EUROPE - Returns from southern European real estate markets are set to lag behind those in northern Europe over the next five years, Invista Real Estate Investment Management has predicted.

In its latest research report, the fund manager forecast GPD growth in southern Europe to be very subdued over the next five years as countries struggle to reduce debt and reform their economies.

This will lead to real estate markets in the south underperforming those in the north, particularly in Germany and Scandinavia, the report said.

Invista believes the situation needs to be addressed by undertaking urgent reforms, and it said the European Commission's Europe 2020 programme of economic reforms could have a positive long-term impact on the real estate sectors in some of Europe's less competitive economies.

Europe 2020 includes a number of initiatives, including those aiming to boost employment and research and development investment, and reduce greenhouse emissions and energy use.

In the short term, however, fiscal consolidation, correcting macroeconomic imbalances and ensuring financial sector stability, are set to remain the priorities, Invista said.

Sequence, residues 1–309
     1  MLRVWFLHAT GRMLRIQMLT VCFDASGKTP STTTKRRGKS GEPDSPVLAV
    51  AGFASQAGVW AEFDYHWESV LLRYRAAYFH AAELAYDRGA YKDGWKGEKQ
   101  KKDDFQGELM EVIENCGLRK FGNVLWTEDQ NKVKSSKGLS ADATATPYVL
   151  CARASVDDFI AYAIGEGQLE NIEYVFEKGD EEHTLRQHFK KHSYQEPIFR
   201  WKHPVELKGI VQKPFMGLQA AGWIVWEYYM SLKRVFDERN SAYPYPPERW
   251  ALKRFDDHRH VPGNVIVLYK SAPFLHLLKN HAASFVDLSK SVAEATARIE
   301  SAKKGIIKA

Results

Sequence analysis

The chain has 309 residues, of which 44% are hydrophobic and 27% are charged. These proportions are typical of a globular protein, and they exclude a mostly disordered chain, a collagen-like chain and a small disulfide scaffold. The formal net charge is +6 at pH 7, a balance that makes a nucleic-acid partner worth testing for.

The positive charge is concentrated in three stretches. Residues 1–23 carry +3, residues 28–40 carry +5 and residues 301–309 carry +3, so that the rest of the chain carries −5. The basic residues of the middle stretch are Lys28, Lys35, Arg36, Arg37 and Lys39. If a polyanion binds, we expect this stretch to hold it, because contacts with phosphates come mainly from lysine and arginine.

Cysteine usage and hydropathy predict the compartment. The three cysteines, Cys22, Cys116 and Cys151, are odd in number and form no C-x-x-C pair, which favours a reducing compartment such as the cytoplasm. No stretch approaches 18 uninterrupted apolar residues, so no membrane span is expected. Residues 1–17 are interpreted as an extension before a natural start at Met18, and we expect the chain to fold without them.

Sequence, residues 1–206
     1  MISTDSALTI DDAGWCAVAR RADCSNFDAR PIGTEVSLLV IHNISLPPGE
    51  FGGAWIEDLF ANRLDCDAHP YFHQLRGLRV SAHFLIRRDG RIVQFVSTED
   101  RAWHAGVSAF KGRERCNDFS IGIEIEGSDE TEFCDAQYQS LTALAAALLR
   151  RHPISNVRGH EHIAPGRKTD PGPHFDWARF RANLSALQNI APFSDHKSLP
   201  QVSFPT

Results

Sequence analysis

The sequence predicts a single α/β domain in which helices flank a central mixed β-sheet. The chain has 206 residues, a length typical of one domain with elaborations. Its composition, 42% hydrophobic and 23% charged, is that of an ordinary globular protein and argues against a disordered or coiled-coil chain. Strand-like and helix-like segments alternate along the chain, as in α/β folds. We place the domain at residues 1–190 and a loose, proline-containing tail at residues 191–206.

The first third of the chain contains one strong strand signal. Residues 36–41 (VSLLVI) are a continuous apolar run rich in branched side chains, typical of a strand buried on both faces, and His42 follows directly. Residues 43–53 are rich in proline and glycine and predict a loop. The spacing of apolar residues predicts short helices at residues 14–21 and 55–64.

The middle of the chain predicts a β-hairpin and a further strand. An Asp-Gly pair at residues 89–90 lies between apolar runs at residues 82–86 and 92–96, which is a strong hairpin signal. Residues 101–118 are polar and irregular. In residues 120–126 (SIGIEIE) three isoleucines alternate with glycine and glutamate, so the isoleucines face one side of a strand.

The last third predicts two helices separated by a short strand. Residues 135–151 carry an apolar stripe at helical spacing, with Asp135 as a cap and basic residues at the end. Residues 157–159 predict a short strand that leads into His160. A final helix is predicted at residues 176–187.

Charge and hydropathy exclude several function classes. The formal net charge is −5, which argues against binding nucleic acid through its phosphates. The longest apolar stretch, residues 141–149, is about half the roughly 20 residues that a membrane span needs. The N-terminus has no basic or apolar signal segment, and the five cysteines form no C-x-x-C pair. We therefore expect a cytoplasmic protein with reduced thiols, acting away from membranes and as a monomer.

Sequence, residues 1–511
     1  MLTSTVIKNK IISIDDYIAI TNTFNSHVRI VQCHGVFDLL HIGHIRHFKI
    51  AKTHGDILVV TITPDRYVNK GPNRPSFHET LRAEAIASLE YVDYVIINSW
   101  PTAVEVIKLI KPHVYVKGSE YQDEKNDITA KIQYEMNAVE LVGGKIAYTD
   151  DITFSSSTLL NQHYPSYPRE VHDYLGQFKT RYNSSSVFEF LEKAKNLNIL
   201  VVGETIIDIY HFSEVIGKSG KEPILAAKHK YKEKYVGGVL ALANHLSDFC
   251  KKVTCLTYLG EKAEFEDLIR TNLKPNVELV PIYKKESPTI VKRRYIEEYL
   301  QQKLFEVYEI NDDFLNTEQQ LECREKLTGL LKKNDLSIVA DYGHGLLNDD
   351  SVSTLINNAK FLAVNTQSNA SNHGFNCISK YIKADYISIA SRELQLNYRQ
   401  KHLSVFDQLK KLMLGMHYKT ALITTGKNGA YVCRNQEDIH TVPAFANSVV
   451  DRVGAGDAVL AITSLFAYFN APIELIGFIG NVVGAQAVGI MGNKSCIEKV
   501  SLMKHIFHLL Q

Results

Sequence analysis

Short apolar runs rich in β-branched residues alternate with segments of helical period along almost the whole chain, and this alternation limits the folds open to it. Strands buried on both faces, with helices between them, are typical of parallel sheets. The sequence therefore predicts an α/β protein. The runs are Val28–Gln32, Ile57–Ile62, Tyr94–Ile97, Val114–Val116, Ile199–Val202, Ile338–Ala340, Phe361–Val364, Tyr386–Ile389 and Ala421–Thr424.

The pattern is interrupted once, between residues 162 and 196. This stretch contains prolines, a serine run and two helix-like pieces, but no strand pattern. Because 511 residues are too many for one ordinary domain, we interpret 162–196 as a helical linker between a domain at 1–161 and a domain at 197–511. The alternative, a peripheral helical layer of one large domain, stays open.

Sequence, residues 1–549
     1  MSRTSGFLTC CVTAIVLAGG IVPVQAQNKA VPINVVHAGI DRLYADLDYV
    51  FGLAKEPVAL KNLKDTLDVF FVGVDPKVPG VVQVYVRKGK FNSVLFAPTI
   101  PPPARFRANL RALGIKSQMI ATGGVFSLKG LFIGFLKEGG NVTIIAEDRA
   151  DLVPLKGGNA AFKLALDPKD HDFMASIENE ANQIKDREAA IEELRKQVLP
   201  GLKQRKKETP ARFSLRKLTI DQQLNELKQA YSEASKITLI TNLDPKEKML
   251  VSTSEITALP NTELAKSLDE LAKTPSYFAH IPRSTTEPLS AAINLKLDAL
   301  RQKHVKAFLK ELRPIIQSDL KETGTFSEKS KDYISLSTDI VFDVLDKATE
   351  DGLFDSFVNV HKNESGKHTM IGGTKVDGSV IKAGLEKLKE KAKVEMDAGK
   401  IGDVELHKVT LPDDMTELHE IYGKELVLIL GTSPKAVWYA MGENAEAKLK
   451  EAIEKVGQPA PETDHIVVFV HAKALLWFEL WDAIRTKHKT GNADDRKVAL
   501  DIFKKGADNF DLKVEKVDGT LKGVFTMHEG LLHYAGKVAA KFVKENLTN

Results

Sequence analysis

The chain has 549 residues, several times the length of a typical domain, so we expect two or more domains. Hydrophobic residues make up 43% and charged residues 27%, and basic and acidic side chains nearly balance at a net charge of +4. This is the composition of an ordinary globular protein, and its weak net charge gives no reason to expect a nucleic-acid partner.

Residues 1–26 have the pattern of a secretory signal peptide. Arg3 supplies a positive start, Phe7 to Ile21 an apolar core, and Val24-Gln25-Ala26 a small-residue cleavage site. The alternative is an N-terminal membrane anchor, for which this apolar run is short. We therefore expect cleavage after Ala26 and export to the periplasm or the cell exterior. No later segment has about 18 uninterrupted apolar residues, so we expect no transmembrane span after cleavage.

Real estate valuation movements are already starting to reflect a north-south divide. Data from CBRE shows that in 2010 valuations in Germany and CEE stabilised, while those in France and the Nordics began to increase.

In contrast, valuations in countries such as Spain, Italy, Portugal and Ireland remained under downward pressure throughout 2010 and are, on average, approximately 25% lower than their 2007 peak levels.

Tim Francis, director, continental European strategy and research at Invista, said: "2010 was a positive year in which Europe's economic recovery gained momentum and its property market stabilised following sharp declines in capital values.

"However, with a diverging economy, the problems on Europe's periphery are indicative of larger issues which are reflected in the region's slowing economic growth rate and lack of competitiveness."